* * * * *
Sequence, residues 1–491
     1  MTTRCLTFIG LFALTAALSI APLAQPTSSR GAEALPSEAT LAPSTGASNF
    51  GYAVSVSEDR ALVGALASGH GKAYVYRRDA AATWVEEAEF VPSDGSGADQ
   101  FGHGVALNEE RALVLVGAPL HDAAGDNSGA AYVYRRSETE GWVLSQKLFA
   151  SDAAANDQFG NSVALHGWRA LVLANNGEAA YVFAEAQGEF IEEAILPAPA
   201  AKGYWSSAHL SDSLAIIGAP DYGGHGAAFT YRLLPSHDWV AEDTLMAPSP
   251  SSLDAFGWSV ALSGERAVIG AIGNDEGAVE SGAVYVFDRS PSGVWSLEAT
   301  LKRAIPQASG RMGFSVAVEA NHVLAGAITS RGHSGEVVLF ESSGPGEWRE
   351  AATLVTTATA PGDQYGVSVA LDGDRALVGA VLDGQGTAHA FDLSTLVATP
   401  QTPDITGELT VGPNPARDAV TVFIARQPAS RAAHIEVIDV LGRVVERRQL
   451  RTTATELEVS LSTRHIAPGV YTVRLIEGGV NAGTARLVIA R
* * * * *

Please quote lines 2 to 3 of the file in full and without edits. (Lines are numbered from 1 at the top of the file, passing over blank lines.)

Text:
     1  MTTRCLTFIG LFALTAALSI APLAQPTSSR GAEALPSEAT LAPSTGASNF
    51  GYAVSVSEDR ALVGALASGH GKAYVYRRDA AATWVEEAEF VPSDGSGADQ